Saturday, / July 13, 2024
Home / news

On Vancouver Island, a Jewish Community Blossoms

Chabad of Vancouver Island, led by Rabbi Meir and Chani Kaplan, has grown to include a thriving preschool, day camp, and synagogue. The Chabad Family Shul is bustling every day, with classes for young and old, minyanim, and events. From nearby, the sounds of children singing as they learn the Aleph-Beit in the CTots Childhood Education preschool can be heard.

But it wasn’t always that way.

When the Kaplans first moved to Victoria, on Vancouver Island, B.C., Canada in the autumn of 2003, they didn’t know anyone. Vancouver Island wasn’t especially amenable, at first, to this new rabbi and rebbetzin who were moving to an island that had last seen a synagogue built in the 1850s.

“Most people said, ‘we don’t need another rabbi,’” Rabbi Meir Kaplan said. “People were not too enthusiastic about Chabad coming to town.”

The Kaplan Family

But as they met more and more people, the Kaplans’ warmth, optimism, and genuine care were apparent, and their events grew in popularity among many of the locals.

One of the first families the Kaplans met were Dr. Elior and Leah Kinarthy and their children. “We met the Kaplans 20 years ago when they first arrived in Victoria and slowly became more involved in the Chabad community,” Leah Kinarthy told Lubavitch International. “Little by little, we were drawn in to the wonderful holiday programs and women’s events.”

The first thing the Kaplans opened was a preschool. It started off humble indeed: several kids would be dropped off twice a week at the Kaplans’ small home, where the basement pulled double duty as a classroom for the nascent Chabad center. Despite the humble surroundings, parents gravitated towards this warm and genuine couple, and slowly, enrollment grew.

The Island’s First Jewish Preschool

“In the summer of 2006, we had a group of some 15 families who wanted to send their children to the preschool full time, but we couldn’t find a space that would be satisfactory to meet local licensing criteria without renovations,” Kaplan described. And of course, “We had no budget for anything.”

They finally secured the use of an annex of a local public school building, a small space with two rooms that nevertheless would drastically increase their capacity to serve the community. For Chani Kaplan, it was a significant transition, but one with tremendous benefits. 

Vancouver CTots Graduation

“It was a very big step for us, going from a small in-home program where I taught a few times a week in our basement—which had to be cleaned and set up each time—to becoming an official licensed center, having to hire licensed staff, furnishing a full classroom, getting parents on board, curriculum planning, registration etc,” Chani Kaplan told Lubavitch International. “But it really put us on the map in Victoria for those looking for a Jewish preschool program, as it was the only one on the island.”

With a center outside their home, Chabad quickly became a more recognized presence locally. Families became interested in joining the preschool and the shul, and the community slowly grew. But then the Kaplans were informed by the administration of the school they were renting from that they would soon have to move out.

Creating a Permanent Home for Chabad on Vancouver Island

In 2013, the Kaplans convened a building committee with the goal of finding a permanent home for Chabad. The fledgling community that had begun in a basement was thinking big, and they were doing it because they had grown exponentially.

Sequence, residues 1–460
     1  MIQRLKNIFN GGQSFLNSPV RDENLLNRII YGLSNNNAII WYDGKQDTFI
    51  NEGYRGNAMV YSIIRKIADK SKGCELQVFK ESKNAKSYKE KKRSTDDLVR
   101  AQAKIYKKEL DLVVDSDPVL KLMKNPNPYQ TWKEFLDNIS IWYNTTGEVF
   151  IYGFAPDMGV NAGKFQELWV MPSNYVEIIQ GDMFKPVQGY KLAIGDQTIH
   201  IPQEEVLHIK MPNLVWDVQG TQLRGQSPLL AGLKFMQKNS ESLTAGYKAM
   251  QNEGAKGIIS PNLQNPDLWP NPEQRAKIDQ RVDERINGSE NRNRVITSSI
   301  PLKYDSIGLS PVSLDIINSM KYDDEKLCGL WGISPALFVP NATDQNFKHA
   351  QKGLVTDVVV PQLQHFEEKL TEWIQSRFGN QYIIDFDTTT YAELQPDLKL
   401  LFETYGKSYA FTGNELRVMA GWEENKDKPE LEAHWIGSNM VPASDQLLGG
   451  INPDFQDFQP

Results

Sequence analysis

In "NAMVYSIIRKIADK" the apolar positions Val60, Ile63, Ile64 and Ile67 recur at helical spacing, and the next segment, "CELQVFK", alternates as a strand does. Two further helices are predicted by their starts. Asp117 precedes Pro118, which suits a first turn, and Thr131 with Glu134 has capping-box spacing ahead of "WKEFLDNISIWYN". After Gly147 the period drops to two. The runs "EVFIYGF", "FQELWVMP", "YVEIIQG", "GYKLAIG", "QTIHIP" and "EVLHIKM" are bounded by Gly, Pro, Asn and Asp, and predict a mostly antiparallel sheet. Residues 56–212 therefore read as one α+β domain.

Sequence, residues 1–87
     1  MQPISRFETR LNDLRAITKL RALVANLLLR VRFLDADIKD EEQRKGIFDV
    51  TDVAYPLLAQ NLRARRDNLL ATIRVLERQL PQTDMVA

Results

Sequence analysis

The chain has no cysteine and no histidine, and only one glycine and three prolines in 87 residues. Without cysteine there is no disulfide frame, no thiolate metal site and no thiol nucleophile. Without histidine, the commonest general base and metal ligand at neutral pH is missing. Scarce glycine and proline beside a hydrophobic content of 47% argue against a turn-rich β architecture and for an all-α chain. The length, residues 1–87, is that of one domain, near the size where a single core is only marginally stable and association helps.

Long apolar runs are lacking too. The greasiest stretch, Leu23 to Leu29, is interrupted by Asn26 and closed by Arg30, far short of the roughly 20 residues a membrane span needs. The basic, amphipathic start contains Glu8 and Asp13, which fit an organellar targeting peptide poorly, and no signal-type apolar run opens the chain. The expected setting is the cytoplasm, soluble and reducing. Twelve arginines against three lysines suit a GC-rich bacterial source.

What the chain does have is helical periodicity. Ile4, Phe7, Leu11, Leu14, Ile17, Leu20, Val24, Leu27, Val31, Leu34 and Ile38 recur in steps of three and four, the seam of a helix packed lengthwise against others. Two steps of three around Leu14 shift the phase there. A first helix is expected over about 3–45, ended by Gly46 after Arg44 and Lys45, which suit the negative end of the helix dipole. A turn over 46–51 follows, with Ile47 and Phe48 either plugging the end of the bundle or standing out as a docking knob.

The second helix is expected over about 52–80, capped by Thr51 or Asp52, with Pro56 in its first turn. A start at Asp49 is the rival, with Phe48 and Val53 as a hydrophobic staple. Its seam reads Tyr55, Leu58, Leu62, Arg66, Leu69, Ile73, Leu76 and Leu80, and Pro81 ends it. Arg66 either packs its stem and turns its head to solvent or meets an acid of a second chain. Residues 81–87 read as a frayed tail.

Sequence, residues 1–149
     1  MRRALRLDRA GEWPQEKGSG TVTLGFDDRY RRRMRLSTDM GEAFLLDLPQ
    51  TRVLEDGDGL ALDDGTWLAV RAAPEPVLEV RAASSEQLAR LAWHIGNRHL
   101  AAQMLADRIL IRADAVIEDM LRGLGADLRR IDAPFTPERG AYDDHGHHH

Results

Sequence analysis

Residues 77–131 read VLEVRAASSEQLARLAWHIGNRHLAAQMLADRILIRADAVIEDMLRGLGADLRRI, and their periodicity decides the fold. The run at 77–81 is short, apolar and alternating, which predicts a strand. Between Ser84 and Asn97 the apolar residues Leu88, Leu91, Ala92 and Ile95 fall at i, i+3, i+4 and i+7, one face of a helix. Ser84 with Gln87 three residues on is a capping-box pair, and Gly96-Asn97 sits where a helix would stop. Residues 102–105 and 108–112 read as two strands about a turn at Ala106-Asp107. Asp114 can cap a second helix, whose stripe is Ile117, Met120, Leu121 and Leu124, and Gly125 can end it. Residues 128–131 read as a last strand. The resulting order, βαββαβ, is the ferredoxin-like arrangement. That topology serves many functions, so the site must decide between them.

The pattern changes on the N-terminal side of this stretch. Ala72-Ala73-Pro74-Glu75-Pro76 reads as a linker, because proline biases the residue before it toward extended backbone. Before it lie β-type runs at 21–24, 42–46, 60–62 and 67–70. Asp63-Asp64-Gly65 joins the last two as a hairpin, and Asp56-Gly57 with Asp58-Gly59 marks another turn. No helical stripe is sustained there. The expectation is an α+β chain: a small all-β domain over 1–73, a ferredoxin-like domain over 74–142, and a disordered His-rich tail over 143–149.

Iris Colyn has watched as the community has grown. Colyn, who works in an executive position in British Columbia Public Service, had checked out the local options for Jewish community after moving to Vancouver Island from South Africa some 15 years ago. When she first met the Kaplans, they had just moved the school out of their basement. Despite the humble surroundings, “As soon as I met Rabbi Meir and Chanie, I knew that was my home.”

And she wanted to find a new home for her home. So Iris joined the building committee.

Vancouver Chabad Centre

“I’ve been on many different committees to help; I have joined many initiatives over the years,” Colyn said. “It’s an important aspect of my life; it’s a spiritual home for me and the rest of the community.”

In 2014, the right property came up. Abutting busy Quadra street a few blocks from the harbour in central Victoria and situated across the street from a large park, the site was zoned to allow the construction of a commercial building. In 2015, the cornerstone was laid, and on the 20th of Av — August 24, 2016, Rabbi Yehuda Krinsky — Chairman of Merkos L’Inyonei Chinuch and Machne Israel — joined the Kaplans and hundreds of community members for the grand opening of the Lionel and Margot Schneider Family Shul, the first synagogue to be built on Vancouver Island in 150 years.

The windows of the eastern wall of the sanctuary, which faces Quadra Street with its abundant traffic, form the shape of the seven-branched menorah, and the locals have noticed. 

In 2017, the Victoria Real Estate Board awarded a certificate of Excellence in Design to the center. Many people have connected with Chabad simply because they were driving or walking by, saw the striking menorah, and were inspired to connect with their Judaism.

One such individual was Steve Diner.

Vancouver Lag Baomer BBQ in Playground

He had met Rabbi Kaplan a number of times around town, but hadn’t connected with the local Jewish community. Living with emotional challenges, he’d participated in the Jewish community life of his native Winnipeg via Zoom, but knew precious few individuals in Victoria. But one day recently, that changed.

“I got it into my head that I wanted a new kippah, so I figured I’d go see the rabbi in his new place that he built,” Diner told Lubavitch International. Kaplan warmly greeted Diner, welcomed him in, and set him up with the new kippah he had sought. But it didn’t stop there. “He says, ‘Come into the sanctuary, we’ll put tefillin on!’ Well I don’t know how, but he tied the tefillin on me.” Then Kaplan said the sentence that would change Steve Diner’s life: 

“Why don’t you come on Saturday for Shabbat—you’ll be with Jewish people.”

Steve did just that, and he loved it so much that he never stopped going.